As sheep advance, flowers, vegetation, grass, soil, plenty, and poetry vanish.
John Muir, John of the Mountains (1938)
See also my Sagebrush Sea page.
Livestock Grazing on Federal Public Lands Not a Right
• A very misused and inaccurate term to use when referring to the grazing of livestock on federal public lands is to refer to such as a "grazing right." Federal grazing permits/leases do not convey “grazing rights” on federal public lands.
• My statement for the record, on behalf of WildEarth Guardians on S.1129 (112th Congress), the "Grazing Improvement [sic] Act of 2011," given to the Subcommittee on Public Lands and Forests of the Energy and Natural Resources Committee of the United States Senate on March 22, 2012.
"Removing Hooved Locusts From the Public Trough" is a Wallowa County Chieftain column that is is an abbreviated version of why livestock are inappropriate on the public lands.
Mark Salvo and I have penned a review in Wild Earth of the Western Range Revisited: Removing Livestock from Public Lands to Conserve Biological Diversity, by Deborah L. Donahue, which is a very fine scholarly analysis of the historical, legal, ecological implications of public land grazing.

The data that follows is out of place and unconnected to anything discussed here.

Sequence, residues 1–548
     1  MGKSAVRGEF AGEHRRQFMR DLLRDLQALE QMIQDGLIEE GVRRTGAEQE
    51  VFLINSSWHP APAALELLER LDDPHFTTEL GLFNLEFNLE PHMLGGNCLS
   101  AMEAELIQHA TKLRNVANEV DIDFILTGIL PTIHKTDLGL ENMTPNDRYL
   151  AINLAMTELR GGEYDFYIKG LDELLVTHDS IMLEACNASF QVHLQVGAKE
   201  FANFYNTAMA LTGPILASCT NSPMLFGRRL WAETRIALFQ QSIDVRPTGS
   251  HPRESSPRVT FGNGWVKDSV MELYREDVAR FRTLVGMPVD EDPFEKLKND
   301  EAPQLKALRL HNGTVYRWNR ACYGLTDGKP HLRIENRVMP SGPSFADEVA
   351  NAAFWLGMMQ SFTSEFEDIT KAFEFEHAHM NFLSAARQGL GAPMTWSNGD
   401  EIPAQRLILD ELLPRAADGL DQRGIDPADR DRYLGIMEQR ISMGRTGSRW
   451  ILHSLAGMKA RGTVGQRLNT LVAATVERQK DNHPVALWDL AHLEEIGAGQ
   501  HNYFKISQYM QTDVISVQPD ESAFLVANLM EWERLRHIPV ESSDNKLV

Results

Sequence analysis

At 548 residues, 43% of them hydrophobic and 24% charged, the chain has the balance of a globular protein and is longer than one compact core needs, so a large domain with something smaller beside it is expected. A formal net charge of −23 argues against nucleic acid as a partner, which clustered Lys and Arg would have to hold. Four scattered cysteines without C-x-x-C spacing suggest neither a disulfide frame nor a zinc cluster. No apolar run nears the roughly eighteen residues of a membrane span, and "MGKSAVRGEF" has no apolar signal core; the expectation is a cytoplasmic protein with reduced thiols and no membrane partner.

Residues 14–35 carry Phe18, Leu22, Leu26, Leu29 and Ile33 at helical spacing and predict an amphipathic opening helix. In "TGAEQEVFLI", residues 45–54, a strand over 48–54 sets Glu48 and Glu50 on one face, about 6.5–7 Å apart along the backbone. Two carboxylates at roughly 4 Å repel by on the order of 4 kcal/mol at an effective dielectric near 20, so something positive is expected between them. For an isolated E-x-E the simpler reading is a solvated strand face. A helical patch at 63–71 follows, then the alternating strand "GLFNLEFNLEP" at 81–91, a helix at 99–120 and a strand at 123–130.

"Pillaged Preserves: Livestock in National Parks and Wilderness Areas", coauthored with Mark Salvo, appeared in Welfare Ranching: The Subsidized Destruction of the American West.
"Congress Designates First Livestock-Free Wilderness (on Steens Mountain)" appeared in Wild Earth.
"Evolving Presidential Policy toward Livestock Grazing in National Monuments", co-authored with Mark Salvo, was initially published in and is copyrighted by the Penn State Environmental Law Review.
"The Voluntary Retirement Option for Federal Public Lands Grazing Permittees" was simultaneously and identically published in Rangelands and Wild Earth. An adapted version appeared in Cascade Cattleman. A different adaptation appeared in Different Drummer.
"Permits For Cash: A Fair and Equitable Resolution to the Public Land Range War" by Mark Salvo of American Lands) and myself has appeared in Rangelands. A more expansive version is also available which documents that federal compensation for grazing permits has been the policy for military takeovers of public lands since the middle of the 20th Century.